Introduction[edit | edit source]

T2-weighted MRI of a syrinx located at C6–C7 in the cervical spine

Syringomyelia refers to a cystic collection, or syrinx, that occurs within the spinal cord around the central canal. It is a rare neurogenic disease. As the cyst gets larger, it presses on the spinal cord and interferes with the transmission of nerve impulses. Syringomyelia predominantly presents with sensory symptoms such as pain and temperature insensitivity.

Types[edit | edit source]

Cerebrospinal System.png

Types include:

  • Syringomyelia due to blockage of CSF circulation (without fourth ventricular communication): Representing at least 50% of all cases, this is the most common type of syringomyelia.
  • Syringomyelia with fourth ventricle communication: Approximately 10% of syringomyelia cases are of this type.
  • Syringomyelia due to spinal cord injury: Fewer than 10% of syringomyelia cases are of this type.
  • Idiopathic Syringomyelia has an unknown cause and cannot be classified under any of the previous categories[3]

Epidemiology[edit | edit source]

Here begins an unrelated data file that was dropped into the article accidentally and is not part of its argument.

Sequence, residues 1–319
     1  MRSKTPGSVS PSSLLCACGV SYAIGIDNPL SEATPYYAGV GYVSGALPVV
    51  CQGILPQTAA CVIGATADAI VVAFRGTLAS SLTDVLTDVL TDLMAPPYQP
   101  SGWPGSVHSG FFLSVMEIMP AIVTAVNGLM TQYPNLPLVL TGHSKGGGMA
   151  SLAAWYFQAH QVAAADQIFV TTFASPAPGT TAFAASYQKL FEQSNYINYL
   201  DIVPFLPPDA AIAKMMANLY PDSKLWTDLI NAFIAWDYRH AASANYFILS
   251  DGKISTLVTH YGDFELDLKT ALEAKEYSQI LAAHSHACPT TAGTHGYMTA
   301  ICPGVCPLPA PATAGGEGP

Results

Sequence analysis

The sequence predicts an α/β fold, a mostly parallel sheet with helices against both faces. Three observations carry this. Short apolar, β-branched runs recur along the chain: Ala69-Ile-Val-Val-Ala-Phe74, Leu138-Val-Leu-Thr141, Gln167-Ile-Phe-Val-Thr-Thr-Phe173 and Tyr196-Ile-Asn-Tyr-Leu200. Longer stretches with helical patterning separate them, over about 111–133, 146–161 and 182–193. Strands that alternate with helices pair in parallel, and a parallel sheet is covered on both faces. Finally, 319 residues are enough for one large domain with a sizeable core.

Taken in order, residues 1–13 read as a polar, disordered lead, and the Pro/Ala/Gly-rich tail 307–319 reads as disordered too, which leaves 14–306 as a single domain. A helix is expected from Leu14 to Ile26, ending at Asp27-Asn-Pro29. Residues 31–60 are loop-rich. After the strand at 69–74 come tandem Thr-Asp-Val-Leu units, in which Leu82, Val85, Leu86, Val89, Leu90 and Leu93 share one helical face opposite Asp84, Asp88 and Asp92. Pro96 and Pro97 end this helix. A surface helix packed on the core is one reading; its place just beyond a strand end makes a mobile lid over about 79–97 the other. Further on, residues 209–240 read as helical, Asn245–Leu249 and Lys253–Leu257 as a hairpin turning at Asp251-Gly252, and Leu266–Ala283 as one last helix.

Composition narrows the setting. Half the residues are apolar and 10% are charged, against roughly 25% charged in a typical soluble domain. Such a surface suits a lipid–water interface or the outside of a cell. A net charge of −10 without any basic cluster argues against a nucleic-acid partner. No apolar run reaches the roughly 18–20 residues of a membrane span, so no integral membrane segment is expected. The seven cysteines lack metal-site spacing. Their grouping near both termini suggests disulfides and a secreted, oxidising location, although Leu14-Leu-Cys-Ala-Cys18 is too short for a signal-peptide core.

Epidemiological data on syringomyelia is limited. Some studies have found the prevalence of syringomyelia to be from 8.4/100,000 to 0.9/10,000 with ethnic and geographic variation. The majority of the patients present between the ages of 20 to 50.[2]

Characteristics/Clinical Presentation[edit | edit source]

Patients with this condition demonstrate a wide variety of neurological symptoms depending on where exactly the syrinx is located, but classically patients present with:

  • Cape-like loss of pain and temperature sensation along the back and arms, known as a ‘suspended sensory level’
  • Disproportionately greater bilateral motor impairment in upper compared to lower extremities

This motor and sensory impairment can eventually cause atrophy, which begins in the hands and progresses proximally, resulting in deformities such as 'claw hands' and Charcot’s arthropathy[4]

Watch this informative 5 minute video.


Diagnostic Procedures[edit | edit source]